Recent scientific analysis states that the Australian “native dog” is not a dog, but a distinct canine species. Although the dingo can interbreed with the domestic dog, it is a distinct species. Dingos have some remarkable differences from domestic dogs. For example, their heads can swivel around, allowing the dingo to shake heavy prey, such as a kangaroo, without breaking its own neck. The shoulder joint allows extraordinary movement of the front legs and of course the dingo’s teeth are large compared to domestic dogs.
Female dingo on Fraser Island, Queensland. One of a breeding pair, seen in January 2012. They had successfully
raised two pups, who were unfortunately killed in suspicious circumstances soon after that. Photo: Kaye Hargreaves.
A startling discovery: Commonly believed to be a breed of wild dog,
scientists now consider the dingo to be a species in its own right.
Photo: Neil Newitt
Since the arrival of westerners in Australia more than 200 years ago, the dingo has been known as Australia’s native dog. But it turns out that our native mutt is not really a mutt.
For the first time scientists have confirmed the dingo is a species in its own right.
“The dingo is distinct from what we describe as a domestic dog; it’s a distinct form of canid,” said Mike Letnic, a University of NSW ecologist.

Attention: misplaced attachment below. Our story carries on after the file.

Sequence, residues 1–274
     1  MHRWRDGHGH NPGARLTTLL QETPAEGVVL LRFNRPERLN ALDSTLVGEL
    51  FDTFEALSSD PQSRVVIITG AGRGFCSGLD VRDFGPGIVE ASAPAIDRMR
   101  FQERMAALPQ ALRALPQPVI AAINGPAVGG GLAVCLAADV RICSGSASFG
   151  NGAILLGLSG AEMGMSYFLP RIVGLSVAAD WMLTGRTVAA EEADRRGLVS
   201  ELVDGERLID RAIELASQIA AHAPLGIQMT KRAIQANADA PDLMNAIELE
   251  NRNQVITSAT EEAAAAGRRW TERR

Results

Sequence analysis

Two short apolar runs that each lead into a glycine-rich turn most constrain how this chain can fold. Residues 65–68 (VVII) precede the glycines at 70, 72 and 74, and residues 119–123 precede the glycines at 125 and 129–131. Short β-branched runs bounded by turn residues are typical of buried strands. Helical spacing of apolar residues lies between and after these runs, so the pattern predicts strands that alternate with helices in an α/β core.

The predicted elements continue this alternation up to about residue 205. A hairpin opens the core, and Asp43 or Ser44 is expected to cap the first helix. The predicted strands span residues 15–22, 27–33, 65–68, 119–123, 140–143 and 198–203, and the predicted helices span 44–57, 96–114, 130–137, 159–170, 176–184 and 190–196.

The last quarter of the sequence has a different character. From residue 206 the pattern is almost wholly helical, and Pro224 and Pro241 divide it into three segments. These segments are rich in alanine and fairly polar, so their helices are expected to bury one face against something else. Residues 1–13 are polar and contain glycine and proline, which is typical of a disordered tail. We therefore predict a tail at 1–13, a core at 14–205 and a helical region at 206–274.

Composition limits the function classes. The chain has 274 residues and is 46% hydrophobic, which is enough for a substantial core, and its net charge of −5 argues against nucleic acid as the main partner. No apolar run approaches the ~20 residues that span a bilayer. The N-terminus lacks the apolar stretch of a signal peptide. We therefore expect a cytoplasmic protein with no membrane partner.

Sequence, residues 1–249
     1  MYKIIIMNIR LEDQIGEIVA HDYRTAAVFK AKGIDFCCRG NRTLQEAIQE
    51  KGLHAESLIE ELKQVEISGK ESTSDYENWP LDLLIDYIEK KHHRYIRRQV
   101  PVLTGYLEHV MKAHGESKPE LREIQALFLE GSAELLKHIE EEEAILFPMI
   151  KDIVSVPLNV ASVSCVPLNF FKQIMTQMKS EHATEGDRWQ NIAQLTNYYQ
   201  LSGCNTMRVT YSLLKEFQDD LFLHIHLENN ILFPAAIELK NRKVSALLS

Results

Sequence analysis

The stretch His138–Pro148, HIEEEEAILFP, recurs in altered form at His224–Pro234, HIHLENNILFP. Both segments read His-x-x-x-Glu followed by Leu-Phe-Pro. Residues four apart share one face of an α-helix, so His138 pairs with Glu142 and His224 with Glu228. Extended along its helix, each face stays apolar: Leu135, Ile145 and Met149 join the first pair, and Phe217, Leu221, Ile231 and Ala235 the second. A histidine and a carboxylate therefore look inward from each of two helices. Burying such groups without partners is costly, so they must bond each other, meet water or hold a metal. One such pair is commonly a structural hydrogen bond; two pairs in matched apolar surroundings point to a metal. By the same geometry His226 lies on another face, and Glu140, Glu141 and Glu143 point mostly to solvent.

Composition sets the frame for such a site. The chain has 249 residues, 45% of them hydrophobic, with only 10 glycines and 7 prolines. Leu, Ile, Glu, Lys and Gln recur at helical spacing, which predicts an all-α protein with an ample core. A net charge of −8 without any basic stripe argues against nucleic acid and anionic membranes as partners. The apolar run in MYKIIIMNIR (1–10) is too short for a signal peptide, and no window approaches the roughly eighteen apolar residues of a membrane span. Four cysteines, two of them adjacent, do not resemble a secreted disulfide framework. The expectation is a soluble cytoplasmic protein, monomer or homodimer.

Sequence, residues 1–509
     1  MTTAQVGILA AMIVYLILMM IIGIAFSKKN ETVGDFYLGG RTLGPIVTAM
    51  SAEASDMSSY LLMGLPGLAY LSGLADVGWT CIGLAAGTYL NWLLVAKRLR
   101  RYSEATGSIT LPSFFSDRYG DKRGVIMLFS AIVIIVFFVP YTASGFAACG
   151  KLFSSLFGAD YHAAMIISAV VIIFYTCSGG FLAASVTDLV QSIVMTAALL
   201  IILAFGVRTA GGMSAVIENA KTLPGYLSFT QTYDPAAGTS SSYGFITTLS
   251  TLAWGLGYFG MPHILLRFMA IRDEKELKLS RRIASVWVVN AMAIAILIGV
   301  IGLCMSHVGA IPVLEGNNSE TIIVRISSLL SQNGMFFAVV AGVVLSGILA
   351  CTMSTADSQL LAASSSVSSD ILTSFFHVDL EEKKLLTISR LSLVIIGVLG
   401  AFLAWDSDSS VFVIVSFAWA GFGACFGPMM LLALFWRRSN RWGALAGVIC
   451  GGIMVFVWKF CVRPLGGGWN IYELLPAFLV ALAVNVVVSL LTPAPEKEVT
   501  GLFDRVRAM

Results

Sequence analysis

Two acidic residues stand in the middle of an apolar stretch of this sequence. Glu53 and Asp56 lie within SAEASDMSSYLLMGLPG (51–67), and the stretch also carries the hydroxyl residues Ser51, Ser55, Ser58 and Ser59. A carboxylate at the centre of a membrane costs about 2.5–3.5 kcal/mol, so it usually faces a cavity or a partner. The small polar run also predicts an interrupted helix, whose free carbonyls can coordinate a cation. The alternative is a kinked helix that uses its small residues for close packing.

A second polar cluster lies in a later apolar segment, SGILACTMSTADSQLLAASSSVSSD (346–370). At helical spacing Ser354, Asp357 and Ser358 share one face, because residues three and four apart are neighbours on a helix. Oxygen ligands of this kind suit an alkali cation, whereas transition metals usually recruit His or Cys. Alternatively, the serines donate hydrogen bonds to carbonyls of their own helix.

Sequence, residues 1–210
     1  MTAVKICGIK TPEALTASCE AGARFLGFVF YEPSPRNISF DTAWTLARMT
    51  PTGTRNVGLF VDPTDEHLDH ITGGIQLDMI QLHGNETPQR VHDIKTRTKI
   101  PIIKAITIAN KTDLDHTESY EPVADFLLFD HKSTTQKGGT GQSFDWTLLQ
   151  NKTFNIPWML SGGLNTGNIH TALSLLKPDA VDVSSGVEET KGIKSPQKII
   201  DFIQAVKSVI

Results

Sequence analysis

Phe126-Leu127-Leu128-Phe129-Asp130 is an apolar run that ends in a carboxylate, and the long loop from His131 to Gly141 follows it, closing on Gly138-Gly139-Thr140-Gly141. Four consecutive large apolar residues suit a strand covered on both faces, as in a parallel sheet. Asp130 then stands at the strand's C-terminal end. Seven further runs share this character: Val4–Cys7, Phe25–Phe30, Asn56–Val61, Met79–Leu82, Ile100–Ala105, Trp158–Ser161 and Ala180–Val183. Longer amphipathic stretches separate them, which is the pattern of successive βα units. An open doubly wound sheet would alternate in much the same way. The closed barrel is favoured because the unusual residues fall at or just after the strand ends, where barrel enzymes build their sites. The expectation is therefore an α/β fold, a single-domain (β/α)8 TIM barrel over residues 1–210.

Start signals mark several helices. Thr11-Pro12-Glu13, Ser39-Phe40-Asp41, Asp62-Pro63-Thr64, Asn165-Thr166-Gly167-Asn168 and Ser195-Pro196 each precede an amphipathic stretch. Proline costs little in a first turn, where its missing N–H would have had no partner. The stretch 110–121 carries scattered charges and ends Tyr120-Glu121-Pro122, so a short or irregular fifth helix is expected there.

First sight: The original dingo drawing from The Voyage of Governor Phillip to Botany Bay. Photo: Supplied
The revelation comes after a group of Sydney scientists found there was no scientific description of the animal. In zoology it is typical for animals to have an official description, usually based on a specimen called a holotype, which is used to differentiate one closely related species from another.
Scientists had been basing descriptions of the dingo on a “rudimentary” illustration in a diary from 1789
“Everyone has based their descriptions on the drawing of a dingo in the journal of the first Australian governor, Arthur Phillip,” said Mathew Crowther, the research leader from the University of Sydney.
He said the lack of official status has meant dingoes are often confused with wild dogs, a pest to farmers because they kill livestock. Policies in parts of Australia support the conservation of dingoes but the extermination of “dingo-dogs”. To determine exactly what makes a dingo a dingo, Dr Crowther and his team tracked down 19th century specimens that lived before interbreeding with European dogs became widespread.
From a mix of skeletons, skins and preserved specimens, most held in European museums, the team determined the physical characteristics that define a dingo – a longer snout, a large skull, a brushy tail and pointy ears – reported in the Journal of Zoology.
Dr Crowther said a dingo’s appearance was more variable than people had assumed; coat colour could range from white to tan or black and tan.
While dingoes and domestic dogs had a common ancestor, the dingo had lived in isolation for more than 3000 years, Dr Letnic said.
Dr Crowther said dingoes’ appropriate scientific classification was Canis dingo, as they appeared not to be descended from wolves, were distinct from dogs and were not a subspecies.